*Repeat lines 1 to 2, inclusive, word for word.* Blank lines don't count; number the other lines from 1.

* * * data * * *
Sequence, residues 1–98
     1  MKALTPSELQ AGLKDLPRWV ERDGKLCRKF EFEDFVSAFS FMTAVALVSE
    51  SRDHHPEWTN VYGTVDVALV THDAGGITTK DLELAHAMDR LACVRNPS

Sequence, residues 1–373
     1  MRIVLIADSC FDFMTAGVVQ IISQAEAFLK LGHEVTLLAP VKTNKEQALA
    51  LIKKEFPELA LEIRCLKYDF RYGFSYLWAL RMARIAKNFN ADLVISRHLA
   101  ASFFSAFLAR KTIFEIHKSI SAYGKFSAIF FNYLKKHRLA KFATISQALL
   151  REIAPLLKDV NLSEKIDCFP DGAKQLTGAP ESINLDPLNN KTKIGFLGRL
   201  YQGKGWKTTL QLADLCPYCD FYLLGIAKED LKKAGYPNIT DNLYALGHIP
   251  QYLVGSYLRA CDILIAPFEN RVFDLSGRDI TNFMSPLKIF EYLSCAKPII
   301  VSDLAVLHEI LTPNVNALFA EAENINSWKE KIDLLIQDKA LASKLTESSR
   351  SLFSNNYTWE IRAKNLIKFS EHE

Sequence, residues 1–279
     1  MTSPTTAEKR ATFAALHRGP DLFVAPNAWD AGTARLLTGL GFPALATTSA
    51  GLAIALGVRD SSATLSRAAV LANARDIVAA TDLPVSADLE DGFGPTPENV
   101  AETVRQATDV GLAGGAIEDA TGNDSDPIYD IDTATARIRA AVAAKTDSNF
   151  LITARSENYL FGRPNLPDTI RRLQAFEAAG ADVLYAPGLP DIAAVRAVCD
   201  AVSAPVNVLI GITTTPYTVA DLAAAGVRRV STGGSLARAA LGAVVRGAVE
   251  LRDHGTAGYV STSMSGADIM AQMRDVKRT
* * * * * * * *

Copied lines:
Sequence, residues 1–98
     1  MKALTPSELQ AGLKDLPRWV ERDGKLCRKF EFEDFVSAFS FMTAVALVSE